Screen tax credit cap ‘hurting Irish film and TV industry’

State loses productions to competitors that have more favourable schemes, say studios

Kilruddery House near Bray is the backdrop for a duel in Netflix series Fate: The Winx Saga. Photograph: Jonathan Hession/Netflix

Kilruddery House near Bray is the backdrop for a duel in Netflix series Fate: The Winx Saga. Photograph: Jonathan Hession/Netflix

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International investment in the Irish film, television and animation industry is being hindered by a cap on the tax credit that can be claimed by productions made in the Republic, a new report commissioned from PwC by Ardmore Studios and Troy Studios says.

The upper limit of €70 million in eligible expenditure per project on which the section 481 screen tax credit can be claimed is hurting the attractiveness of the State for large-scale international productions, it finds, arguing that the ceiling should either be increased or abolished completely.

Several competitor markets for foreign direct investment (FDI) in the audiovisual industry – including the UK, Hungary, Australia and New Zealand – no longer impose a cap, while the entire sector is seeing a spending boom worldwide that has sent the average cost of productions surging.

An independent 2017 report, commissioned by the then government from consultants Olsberg SPI and Nordicity, recommended that the cap be increased to €100 million but this was not acted upon.

The tax credit was worth €469 million to the Irish economy in 2019 – a return on investment of €3.80 for every €1 it costs the exchequer – according to the PwC report, which was commissioned with the support of Animation Ireland and Screen Producers Ireland.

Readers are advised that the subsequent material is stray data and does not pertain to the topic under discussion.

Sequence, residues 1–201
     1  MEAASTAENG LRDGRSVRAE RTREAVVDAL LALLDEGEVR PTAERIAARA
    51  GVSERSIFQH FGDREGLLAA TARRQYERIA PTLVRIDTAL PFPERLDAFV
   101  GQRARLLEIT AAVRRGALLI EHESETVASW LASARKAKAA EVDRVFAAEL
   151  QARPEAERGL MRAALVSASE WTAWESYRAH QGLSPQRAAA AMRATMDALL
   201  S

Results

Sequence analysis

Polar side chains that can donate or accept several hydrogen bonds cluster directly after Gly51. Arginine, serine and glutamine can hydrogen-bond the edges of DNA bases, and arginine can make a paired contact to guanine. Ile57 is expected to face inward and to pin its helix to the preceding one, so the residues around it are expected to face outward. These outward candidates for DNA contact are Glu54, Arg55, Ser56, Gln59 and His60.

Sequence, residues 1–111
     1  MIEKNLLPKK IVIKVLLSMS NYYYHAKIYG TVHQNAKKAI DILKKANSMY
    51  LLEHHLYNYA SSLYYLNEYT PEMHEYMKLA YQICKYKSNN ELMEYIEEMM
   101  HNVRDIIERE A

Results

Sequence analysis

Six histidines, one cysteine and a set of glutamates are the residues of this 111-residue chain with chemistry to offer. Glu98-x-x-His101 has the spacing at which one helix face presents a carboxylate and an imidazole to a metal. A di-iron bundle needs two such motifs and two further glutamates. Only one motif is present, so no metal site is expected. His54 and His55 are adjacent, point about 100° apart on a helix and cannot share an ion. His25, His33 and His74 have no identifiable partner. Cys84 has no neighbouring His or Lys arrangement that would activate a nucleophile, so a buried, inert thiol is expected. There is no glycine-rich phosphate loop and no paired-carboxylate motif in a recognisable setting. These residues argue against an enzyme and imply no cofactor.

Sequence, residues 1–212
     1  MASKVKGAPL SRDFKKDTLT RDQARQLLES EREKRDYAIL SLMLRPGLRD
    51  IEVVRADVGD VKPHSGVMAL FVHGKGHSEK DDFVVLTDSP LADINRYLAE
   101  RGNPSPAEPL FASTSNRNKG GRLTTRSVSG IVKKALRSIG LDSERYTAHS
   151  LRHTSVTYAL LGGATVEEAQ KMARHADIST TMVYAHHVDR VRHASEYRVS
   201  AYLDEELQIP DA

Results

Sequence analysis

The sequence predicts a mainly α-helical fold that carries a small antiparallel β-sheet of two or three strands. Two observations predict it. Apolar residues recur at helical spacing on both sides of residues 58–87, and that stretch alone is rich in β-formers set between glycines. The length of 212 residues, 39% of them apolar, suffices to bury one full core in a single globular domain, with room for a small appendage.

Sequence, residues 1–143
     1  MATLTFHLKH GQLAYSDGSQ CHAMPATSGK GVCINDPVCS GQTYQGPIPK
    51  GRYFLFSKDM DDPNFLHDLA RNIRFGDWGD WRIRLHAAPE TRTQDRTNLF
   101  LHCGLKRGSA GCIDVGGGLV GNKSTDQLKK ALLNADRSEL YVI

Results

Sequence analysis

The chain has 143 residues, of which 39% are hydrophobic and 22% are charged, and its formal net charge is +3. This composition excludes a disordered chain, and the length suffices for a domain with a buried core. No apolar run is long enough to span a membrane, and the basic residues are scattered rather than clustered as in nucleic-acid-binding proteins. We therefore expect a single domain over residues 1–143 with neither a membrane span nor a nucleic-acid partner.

Some 124 productions were supported by section 481 relief during the year, enabling the employment of 16,952 full-time positions and providing an estimated 40,000 days of skills training and development.

Elaine Geraghty, chief executive of Ardmore Studios and Troy Studios, said the State was well-placed to take advantage of “a step change” in global content demand.

“What is becoming increasingly clear, however, is that the upper limit of €70 million on our section 481 tax incentive is a barrier to Ireland securing those large-scale international productions,” she said.

Government ambitions

“The Government’s stated ambition is to increase the scale of the sector to a point where we will double employment to 24,000 people, delivering a gross value added of some €1.4 billion. To achieve this, the section 481 incentive needs to be adjusted to ensure Ireland remains as competitive globally as possible.”

In 2019 productions to avail of section 481 included television shows Normal People, Miss Scarlet and the Duke, and The Young Offenders, as well as animation series Rescue Bots, Micronauts, Vampirina and Doc McStuffins, and films such as The Rhythm Section and Cartoon Saloon’s Oscar-nominated Wolfwalkers.

Last year, despite the pandemic disrupting much production activity worldwide, claimants included Netflix’s Vikings spin-off Valhalla, the platform’s recently released teen series Fate: The Winx Saga – filmed at Ardmore Studios in Bray and at nearby Kilruddery House – and Apple TV Plus’s upcoming science fiction series Foundation, filmed at Troy Studios in Limerick.

Irish animation companies including Cartoon Saloon, meanwhile, are waiting for clarification from Revenue on whether work completed remotely by its crew from locations outside the State as a result of pandemic restrictions will be allowed as qualifying expenditure under the scheme.

Studio space

The call for more favourable tax credit terms comes as the Irish industry attempts to catch up with demand for large-scale studio space. There are three “relatively large” facilities in the State – Ardmore, Troy and Bray’s Ashford Studios, where Valhalla is made – but when these are occupied, potential investment may be lost.

The development of three new studio projects in Greystones, Ashbourne and Grangecastle will be “an important step” in expanding large studio space capacity for bigger productions, particularly those in the €150 million-€200 million bracket, the report notes.

But it adds that certainty on section 481 will be critical to this infrastructure’s commercial viability.

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